The Scandinavian airline announced in mid-March it was halting most of its traffic and furloughing around 90 percent of its staff. In late April the airline, whose two largest shareholders are the Swedish and Danish states, announced it was laying off about 5,000 people, representing 40 percent of the company's workforce.
In early May the company secured a state-guaranteed credit line of 3.3 billion Swedish kronor ($344 million or 313 million euros) to help it navigate the impact of the new coronavirus. Even with the resumption of some flights, the airline continues to operate at a reduced capacity, but the added routes means an effective doubling of the aircraft in use from 15 to 30, according to SAS. Finnair, of Nordic neighbour Finland, announced early last week it would start resuming its long-haul flight to Asia in July.
Yerevan, May 27, 2020 (AFP) - Virus cases have overwhelmed Armenia's hospitals, officials said Wednesday, raising the prospect that intensive care treatment could be restricted to patients with the best chance of survival. The tiny Caucasus nation of some three million has so far reported 7,774 coronavirus cases and 98 deaths. At a cabinet meeting on Wednesday, Prime Minister Nikol Pashinyan said "the situation with the coronavirus pandemic is very severe in Armenia."
Health ministry spokeswoman Alina Nikoghosyan told AFP: "if the current situation persists, in the coming days, intensive care will only be available for the patients with the best survival chances." Health Minister Arsen Torosyan said Sunday that out of the country's 186 intensive care beds for coronavirus patients, only 32 remained empty and would soon be filled.
The prime minister called for stricter enforcement of measures aimed at containing the outbreak such as the wearing of face masks in public spaces. This comes after the country lifted a state of emergency on May 4 which it had declared in March because of the pandemic. Pashinyan said his government had failed to enforce anti-virus measures and there had been widespread quarantine violations. "Our mistake was that we put too much trust in our citizens' sense of responsibility," he said.
Deputy Prime Minister Tigran Avinyan said he did not rule out that the government could have to impose a fresh nationwide lockdown. Analysts have criticised the government's handling of the crisis, saying a decision to close borders was taken too late and officials sent the public "confusing messages." "Officials were calling for the wearing of face masks, but they themselves didn't wear them until recently," said analyst Tatul Hakobyan.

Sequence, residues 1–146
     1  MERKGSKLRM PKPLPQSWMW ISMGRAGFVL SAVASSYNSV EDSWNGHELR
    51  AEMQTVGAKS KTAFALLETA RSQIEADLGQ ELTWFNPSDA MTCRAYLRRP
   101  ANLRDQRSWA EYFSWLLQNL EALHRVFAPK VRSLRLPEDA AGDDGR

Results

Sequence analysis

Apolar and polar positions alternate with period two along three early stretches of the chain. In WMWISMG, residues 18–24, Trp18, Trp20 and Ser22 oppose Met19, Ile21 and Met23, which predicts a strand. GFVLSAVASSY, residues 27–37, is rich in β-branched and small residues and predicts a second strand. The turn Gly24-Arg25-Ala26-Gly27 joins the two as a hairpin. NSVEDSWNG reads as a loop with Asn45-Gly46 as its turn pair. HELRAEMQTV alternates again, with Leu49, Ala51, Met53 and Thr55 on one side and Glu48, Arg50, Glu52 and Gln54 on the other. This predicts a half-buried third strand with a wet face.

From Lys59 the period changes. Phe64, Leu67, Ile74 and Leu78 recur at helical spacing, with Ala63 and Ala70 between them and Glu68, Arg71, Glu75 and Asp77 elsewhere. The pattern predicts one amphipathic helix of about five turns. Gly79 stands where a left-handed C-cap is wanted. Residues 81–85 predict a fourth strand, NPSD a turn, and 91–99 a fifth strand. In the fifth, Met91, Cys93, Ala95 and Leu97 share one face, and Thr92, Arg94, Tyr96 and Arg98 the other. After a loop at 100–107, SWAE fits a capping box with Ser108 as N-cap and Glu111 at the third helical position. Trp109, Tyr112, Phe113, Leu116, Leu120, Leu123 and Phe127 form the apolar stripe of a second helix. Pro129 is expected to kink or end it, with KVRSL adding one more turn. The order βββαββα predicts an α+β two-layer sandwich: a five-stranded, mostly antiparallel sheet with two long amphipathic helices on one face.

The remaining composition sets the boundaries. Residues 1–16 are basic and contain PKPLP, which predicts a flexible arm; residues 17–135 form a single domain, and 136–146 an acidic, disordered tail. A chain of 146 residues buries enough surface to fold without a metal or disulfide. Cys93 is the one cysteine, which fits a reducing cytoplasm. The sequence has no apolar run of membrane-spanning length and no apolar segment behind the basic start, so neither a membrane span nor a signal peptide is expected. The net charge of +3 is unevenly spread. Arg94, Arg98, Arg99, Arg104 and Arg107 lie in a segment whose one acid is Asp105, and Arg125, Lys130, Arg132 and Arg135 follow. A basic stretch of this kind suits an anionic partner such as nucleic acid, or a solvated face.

New Delhi, May 27, 2020 (AFP) - India is wilting under a heatwave, with the temperature in places reaching 50 degrees Celsius (122 degrees Fahrenheit) and the capital enduring its hottest May day in nearly two decades. The hot spell is projected to scorch northern India for several more days, the Meteorological Department said late Tuesday, "with severe heat wave conditions in isolated pockets". As global temperatures rise, heatwaves are a regular menace in the country -- particularly in May and June. Last year dozens of people died.
Met officials said Churu in the northern state of Rajasthan was the hottest place on record on Tuesday, at 50 Celsius, while parts of Punjab, Haryana and Uttar Pradesh sweltered in the high 40s. Parts of the capital, New Delhi, recorded the hottest May day in 18 years with the mercury hitting 47.6 Celsius. No deaths have been reported so far this year, but last year the government said the heat had killed 3,500 people since 2015. There have been fewer
The country of 1.3 billion people suffers from severe water shortages with tens of millions lacking running water -- to say nothing of air conditioning. Parts of Delhi and elsewhere regularly see scuffles when tankers arrive to deliver water. Last year Chennai made international headlines when the southern city ran out of water entirely. The heatwave adds to problems the country already has dealing with the spread of coronavirus. India now has the 10th highest number of coronavirus cases globally, climbing above 150,000 on Wednesday with almost 4,500 deaths.
Last week cyclone Amphan killed more than 100 people as it ravaged in eastern India and Bangladesh, flattening villages, destroying farms and leaving millions without power. Huge swarms of desert locusts, meanwhile, have destroyed nearly 50,000 hectares (125,000 acres) of crops across western and central India, and may enter Delhi in coming days. The north-eastern states of Assam and Meghalaya are also currently experiencing floods, with more heavy rainfall forecast in the coming days.